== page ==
7. The problem with algebra is it is the point where the pretending stops. The school can no longer pretend that the student knows arithmetic, ratios, estimating. Because if the student does know these things then he can learn algebra.

    I've taught algebra. Every time I've had a student who couldn't get started with algebra, who just didn't get it, that student also didn't know those basics. Every time we (the student and I) had the chance to work together and learn those basics learning the algebra followed right along.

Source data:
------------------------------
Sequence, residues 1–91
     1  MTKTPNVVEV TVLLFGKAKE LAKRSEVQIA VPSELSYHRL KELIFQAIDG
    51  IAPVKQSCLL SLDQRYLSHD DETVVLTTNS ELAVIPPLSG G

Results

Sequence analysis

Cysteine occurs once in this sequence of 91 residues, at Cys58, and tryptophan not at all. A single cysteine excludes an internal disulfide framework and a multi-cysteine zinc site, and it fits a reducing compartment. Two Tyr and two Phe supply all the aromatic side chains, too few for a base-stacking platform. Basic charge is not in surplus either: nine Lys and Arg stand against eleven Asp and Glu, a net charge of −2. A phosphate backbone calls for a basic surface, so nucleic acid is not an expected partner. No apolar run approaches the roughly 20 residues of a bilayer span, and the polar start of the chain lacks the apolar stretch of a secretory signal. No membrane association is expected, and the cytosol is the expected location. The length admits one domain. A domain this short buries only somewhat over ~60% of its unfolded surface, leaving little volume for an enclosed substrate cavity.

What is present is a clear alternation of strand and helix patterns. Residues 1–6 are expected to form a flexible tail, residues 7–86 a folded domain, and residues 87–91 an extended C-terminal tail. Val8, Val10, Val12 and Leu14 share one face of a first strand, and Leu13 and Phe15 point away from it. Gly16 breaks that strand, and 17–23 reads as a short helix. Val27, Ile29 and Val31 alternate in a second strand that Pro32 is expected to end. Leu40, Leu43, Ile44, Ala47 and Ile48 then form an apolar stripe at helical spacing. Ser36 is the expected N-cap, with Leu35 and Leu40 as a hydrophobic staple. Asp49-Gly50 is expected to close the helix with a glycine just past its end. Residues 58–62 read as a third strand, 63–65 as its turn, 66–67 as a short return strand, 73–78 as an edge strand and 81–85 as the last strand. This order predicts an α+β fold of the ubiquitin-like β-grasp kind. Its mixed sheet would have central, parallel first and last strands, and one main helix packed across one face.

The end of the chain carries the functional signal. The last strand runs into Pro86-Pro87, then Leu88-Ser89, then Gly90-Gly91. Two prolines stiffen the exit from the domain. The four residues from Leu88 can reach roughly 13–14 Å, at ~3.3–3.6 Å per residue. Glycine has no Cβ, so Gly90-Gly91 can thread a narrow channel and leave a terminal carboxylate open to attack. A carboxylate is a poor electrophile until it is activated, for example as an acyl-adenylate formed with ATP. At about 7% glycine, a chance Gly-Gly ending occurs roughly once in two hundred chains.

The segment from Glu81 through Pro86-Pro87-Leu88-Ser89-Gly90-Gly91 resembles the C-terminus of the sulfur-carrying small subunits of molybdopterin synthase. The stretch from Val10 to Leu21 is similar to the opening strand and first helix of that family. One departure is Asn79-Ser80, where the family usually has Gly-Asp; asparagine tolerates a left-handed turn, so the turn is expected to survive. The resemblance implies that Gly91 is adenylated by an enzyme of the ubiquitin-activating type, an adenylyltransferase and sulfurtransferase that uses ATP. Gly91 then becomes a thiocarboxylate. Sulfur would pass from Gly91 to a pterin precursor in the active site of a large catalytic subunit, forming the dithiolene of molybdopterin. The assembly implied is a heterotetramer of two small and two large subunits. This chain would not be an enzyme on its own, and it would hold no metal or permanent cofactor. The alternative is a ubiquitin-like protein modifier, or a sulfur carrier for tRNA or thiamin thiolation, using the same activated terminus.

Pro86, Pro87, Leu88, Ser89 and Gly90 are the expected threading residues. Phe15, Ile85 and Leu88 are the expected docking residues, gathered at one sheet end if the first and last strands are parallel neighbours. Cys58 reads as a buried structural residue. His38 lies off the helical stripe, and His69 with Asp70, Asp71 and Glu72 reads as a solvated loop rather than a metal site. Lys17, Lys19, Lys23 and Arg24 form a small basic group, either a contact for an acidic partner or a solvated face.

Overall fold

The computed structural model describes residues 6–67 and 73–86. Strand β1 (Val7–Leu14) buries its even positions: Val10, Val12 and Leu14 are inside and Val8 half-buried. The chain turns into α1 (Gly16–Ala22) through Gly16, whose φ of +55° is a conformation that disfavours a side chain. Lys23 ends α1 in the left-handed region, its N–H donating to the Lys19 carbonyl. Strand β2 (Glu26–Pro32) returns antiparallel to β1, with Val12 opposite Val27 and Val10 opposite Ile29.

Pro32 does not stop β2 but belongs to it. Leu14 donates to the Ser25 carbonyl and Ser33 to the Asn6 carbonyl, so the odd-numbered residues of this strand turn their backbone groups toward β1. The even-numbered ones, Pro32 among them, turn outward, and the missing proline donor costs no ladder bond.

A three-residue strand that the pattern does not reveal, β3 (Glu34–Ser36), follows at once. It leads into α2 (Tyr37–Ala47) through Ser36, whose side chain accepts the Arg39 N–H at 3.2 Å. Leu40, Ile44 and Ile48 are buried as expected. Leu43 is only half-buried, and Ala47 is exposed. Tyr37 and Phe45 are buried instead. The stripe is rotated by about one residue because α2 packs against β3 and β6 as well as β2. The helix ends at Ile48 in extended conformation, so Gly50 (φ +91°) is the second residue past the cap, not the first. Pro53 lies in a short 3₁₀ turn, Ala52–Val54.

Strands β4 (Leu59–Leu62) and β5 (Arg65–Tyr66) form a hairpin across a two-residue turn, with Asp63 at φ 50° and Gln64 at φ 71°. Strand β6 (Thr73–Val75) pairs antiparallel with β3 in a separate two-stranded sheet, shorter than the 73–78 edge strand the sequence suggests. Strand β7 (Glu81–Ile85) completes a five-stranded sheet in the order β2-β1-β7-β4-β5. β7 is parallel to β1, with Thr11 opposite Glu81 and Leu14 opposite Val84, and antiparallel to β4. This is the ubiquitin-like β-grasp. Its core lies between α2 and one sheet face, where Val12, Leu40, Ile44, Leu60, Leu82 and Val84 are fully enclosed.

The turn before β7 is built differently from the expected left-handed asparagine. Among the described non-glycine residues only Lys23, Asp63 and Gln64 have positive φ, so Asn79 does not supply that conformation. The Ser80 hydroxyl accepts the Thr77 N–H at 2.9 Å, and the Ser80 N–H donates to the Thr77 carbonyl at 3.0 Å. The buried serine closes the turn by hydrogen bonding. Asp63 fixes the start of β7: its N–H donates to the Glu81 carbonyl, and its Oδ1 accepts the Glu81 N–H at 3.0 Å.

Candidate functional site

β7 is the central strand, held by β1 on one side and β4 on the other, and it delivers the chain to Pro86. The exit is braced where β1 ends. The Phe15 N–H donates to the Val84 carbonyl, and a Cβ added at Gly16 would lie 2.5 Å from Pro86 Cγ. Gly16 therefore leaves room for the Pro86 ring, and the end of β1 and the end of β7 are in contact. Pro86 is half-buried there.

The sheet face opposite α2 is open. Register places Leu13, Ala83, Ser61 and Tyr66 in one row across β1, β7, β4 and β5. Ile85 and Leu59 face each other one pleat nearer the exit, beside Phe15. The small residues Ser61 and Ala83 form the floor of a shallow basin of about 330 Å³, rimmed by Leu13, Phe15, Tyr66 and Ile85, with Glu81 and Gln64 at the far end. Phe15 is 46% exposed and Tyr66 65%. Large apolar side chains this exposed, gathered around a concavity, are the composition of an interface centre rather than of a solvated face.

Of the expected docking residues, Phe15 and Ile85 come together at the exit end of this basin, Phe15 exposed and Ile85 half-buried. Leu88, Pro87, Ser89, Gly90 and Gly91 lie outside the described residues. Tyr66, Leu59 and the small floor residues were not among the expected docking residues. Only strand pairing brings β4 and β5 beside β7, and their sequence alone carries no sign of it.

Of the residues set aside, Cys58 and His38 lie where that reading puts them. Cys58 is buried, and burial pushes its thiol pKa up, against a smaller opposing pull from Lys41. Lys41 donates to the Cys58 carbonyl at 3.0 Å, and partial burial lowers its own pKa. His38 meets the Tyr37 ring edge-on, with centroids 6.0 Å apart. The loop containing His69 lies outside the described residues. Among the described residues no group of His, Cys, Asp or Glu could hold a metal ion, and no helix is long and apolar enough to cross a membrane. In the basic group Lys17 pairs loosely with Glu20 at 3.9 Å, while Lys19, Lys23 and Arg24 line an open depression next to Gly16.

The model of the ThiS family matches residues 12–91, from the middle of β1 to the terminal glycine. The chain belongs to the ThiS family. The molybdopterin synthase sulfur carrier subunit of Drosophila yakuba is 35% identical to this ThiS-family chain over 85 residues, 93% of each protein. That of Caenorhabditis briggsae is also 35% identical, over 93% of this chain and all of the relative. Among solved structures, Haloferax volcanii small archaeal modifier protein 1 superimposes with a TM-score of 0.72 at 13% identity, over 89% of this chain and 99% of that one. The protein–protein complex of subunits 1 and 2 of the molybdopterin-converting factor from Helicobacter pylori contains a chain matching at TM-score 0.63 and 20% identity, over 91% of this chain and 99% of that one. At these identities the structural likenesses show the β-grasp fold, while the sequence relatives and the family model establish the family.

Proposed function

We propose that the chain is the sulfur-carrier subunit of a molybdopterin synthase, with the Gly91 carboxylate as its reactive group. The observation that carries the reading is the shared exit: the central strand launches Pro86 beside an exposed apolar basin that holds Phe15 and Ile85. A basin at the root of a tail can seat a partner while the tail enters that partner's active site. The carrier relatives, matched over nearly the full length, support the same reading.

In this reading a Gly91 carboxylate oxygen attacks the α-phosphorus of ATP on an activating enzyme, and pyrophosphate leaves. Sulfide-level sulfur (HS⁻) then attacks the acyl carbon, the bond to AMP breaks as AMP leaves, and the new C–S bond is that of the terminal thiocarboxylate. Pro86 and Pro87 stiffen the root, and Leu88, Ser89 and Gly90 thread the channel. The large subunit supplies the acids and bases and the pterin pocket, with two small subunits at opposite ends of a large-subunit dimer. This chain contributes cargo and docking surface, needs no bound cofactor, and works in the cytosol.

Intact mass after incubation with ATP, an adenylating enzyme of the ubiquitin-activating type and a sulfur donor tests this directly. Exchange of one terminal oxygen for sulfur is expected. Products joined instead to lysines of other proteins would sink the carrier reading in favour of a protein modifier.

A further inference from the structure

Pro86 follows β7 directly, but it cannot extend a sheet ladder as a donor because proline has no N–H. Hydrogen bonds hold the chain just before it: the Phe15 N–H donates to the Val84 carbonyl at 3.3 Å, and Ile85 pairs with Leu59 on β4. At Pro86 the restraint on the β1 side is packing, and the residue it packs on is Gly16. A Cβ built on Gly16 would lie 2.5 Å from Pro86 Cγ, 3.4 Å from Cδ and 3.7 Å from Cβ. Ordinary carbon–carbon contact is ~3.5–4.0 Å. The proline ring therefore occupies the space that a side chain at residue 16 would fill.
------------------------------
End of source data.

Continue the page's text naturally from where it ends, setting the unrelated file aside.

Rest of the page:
Maybe this is too much. Maybe to reduce our drop out rate we need to drop the algebra requirement. Only let's not kid ourselves: we aren't just saying algebra isn't needed, we are also saying you don't really need to understand arithmetic.